So on the 70th Anniversary, military personnel from those allied countries are invited to attend.

And we're getting a one-off public holiday on 3 September, to help celebrate.

Chiang Kai Shek is dead, but he wouldn't be welcome to attend in any case.

By John Massey (not verified) on 23 Aug 2015 #permalink

He made the assumption that China would just swallow up the invaders like it always had before

This is technically true, but IIRC at least one imperial dynasty was founded by the leader of one of those invading forces. It may not have mattered much to the peasants, especially the ones not near the theater of war, but the Emperor (or other person nominally in charge, which would have been Chiang at the time) is a much more appealing target. They can try to run and hide, as Chiang did, but that tends to cost them the Mandate of Heaven.

By Eric Lund (not verified) on 23 Aug 2015 #permalink

At least three dynasties were founded by invaders, the Jin, Yuan and the Qing (if you go back too far things get really complicated, because the Han really are quite recent as a distinguishable unified group), but the point is that each time the invaders subsequently became culturally Chinese, intermarried and were swamped genetically.

But I think Chiang made a massive mistake in not defending the country and its common people against the Japanese - he preserved his troops to fight the Communists, but in abandoning the people he lost their support. As you say, it cost him the Mandate of Heaven.

My daughter is no lover of the Commies, but she spits on the name of Chiang Kai Shek.

By John Massey (not verified) on 24 Aug 2015 #permalink

According to wikipedia, after the war Chiang Kai Shek intervened on the behalf of the Japanese general who was the worst one -the one who had the idea of "comfort women", and who minted the slogan "Destroy everythinh, kill everything" for an offensive in China. Presumably CKS wanted him as a post-war adsvisor pending a conflict with the communists.
Taiwan was thoroughly looted by the nationalists after Japan surrendered, and the local political leaders were repressed or shot. CKS was an arsehole.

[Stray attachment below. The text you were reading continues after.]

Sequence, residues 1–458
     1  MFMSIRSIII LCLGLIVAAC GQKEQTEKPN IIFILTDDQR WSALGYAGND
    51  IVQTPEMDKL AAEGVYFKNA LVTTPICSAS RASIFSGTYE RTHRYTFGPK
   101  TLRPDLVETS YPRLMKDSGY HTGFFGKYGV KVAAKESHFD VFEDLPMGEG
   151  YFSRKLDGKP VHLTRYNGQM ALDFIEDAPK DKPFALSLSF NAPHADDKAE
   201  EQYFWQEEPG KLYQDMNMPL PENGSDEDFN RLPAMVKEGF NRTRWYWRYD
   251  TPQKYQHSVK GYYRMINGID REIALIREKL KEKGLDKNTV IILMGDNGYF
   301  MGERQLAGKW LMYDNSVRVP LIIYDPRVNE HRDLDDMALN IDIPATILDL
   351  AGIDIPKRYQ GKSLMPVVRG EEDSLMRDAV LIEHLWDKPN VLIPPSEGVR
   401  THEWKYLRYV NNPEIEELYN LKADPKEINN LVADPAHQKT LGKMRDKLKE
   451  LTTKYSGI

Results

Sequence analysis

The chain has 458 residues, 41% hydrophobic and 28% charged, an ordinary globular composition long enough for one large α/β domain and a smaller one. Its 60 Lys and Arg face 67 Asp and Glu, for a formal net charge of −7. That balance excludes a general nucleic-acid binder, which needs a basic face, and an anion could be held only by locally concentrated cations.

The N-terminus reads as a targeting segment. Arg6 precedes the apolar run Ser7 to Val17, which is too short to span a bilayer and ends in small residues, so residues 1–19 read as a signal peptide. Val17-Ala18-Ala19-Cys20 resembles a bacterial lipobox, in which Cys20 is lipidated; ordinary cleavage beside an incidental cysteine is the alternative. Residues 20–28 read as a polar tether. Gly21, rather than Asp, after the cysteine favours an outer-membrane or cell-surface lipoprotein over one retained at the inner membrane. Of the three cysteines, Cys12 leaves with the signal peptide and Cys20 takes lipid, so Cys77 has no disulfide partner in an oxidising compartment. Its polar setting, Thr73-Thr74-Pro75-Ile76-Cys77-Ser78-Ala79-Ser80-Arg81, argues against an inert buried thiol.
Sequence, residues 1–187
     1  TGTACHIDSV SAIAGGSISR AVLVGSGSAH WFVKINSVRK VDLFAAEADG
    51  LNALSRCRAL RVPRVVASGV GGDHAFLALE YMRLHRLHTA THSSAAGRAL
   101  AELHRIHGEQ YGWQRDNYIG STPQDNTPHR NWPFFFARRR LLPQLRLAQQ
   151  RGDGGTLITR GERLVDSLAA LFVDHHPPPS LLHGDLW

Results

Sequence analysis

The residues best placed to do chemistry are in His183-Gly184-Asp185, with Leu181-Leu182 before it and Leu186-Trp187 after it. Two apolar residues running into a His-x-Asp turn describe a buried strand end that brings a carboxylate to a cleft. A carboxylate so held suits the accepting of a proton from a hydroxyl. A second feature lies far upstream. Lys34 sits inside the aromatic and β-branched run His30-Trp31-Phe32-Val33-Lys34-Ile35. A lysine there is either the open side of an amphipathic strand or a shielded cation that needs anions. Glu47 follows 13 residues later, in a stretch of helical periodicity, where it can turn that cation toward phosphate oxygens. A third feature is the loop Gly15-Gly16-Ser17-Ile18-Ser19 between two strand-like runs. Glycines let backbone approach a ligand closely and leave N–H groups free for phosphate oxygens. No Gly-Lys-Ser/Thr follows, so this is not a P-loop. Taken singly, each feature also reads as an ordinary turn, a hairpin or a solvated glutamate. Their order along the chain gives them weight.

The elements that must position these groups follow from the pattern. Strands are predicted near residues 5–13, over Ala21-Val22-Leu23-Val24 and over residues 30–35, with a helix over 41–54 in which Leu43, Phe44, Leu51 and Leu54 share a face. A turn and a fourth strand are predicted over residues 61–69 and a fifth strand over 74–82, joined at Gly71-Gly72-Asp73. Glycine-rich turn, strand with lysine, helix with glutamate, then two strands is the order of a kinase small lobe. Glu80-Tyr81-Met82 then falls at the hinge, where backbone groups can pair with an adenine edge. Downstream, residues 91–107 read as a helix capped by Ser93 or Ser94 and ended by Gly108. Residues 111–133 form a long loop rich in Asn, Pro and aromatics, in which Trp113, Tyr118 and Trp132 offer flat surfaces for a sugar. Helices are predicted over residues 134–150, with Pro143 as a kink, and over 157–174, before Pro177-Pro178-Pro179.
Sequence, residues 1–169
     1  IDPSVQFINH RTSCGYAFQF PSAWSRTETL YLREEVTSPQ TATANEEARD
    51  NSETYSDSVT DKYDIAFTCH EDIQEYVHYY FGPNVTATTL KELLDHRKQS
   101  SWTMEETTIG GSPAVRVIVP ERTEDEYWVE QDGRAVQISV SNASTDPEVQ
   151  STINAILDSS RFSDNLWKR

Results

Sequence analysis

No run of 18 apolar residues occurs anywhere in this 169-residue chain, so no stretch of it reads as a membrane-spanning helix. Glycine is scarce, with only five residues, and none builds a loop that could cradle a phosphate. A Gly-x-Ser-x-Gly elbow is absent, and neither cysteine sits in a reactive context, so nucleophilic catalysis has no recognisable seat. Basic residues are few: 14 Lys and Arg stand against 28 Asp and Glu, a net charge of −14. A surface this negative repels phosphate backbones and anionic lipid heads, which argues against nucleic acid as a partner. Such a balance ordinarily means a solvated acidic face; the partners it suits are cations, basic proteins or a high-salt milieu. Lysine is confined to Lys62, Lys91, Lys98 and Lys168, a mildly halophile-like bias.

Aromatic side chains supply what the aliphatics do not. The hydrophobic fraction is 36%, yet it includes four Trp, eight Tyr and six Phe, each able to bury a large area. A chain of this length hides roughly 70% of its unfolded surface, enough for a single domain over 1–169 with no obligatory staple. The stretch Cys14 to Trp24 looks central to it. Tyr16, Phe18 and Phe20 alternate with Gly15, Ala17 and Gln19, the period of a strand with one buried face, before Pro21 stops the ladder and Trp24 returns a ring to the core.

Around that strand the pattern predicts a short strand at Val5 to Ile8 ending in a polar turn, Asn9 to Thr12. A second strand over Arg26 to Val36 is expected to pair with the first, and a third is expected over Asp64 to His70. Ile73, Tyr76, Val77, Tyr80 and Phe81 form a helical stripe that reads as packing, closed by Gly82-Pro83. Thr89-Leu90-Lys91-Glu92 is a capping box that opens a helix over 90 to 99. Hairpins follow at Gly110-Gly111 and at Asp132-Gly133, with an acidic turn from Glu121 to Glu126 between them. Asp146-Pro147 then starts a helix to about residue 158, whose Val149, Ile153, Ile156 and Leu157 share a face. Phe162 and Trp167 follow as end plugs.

By BirgerJohansson (not verified) on 24 Aug 2015 #permalink

I live to see all of them defeated.

By John Massey (not verified) on 24 Aug 2015 #permalink

Apparently, there have been significant finds at a mycenean-era palace at Sparta, ca1375 BC. I do not know more details.

By birgerjohansson (not verified) on 25 Aug 2015 #permalink

Showing off: This letter to the editor was about how severe the "snowball Earth" superglaciations might have been.
“Editor’s pick: Less a snowball, more of a slushball”
(When competing for space with hundreds of clever letter-writing boffins, I permit myself a bit of pride)

By BirgerJohansson (not verified) on 28 Aug 2015 #permalink

Henceforth to be known as Slushball Johansson. Well done, Birger.

By John Massey (not verified) on 29 Aug 2015 #permalink

Re-dating the Shigir Idol from the Urals to 11,000 YBP makes it the oldest monumental wooden sculpture known.
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Also, if you are into battlefield arcaheology, you can do worse than track the traces left by the long-range desert group that operated in Egypt and Libya 1940-1943. The absence of reain has allowed all kinds of artefacts to be preserved as they were when thrown away 75 years ago.
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John, is the monsoon season calming down now? getting most of the rain in a relatively brief period must put a lot of strain on the infrastructure.

By BirgerJohansson (not verified) on 31 Aug 2015 #permalink

getting most of the rain in a relatively brief period must put a lot of strain on the infrastructure.

Not if you plan for it.

Most parts of the world have significant seasonality to precipitation. This includes the Mediterranean, the Middle East, South and East Asia, much of Australia, and large parts of Africa and the Americas. Northwest Europe and northeast North America are among the exceptional places that get adequate year-round rainfall.

It can be a problem when you have overshoot, i.e., too much rain in a short period of time. But if you have the reservoirs and flood control dams to prevent it, you can make it less of a problem. Those facilities also help you when you have a year or two of not enough precipitation. But if you get several dry years in a row, as is currently the case in California, then you get into real trouble. Quite a few civilizations have met their demise as a result of prolonged drought, from the Maya to Petra to Angkor Wat. In China, that has been a leading cause of dynasties losing the Mandate of Heaven--historians have correlated several cases of dynasty changes with exceptional drought.

By Eric Lund (not verified) on 31 Aug 2015 #permalink

I just watched the documentary "Age of the Drone"
An obvious application for a cheap drone -ca 250 USD- would be to take aerial photos at sunrise and sunset to spot subtle patterns of very small variations in the surface, made visible by the shadows.

By birgerjohansson (not verified) on 31 Aug 2015 #permalink

#50 - Not quite yet, Birger. We are still getting thunderstorms with heavy rain blowing up quickly with little warning, but I sense we are just about on the cusp, with the weather pattern starting to settle down - then we will have a couple of months of beautiful still dry sunny days and cooler nights before the cold dry NE monsoon really sets in. The best weather in HK is in October/November.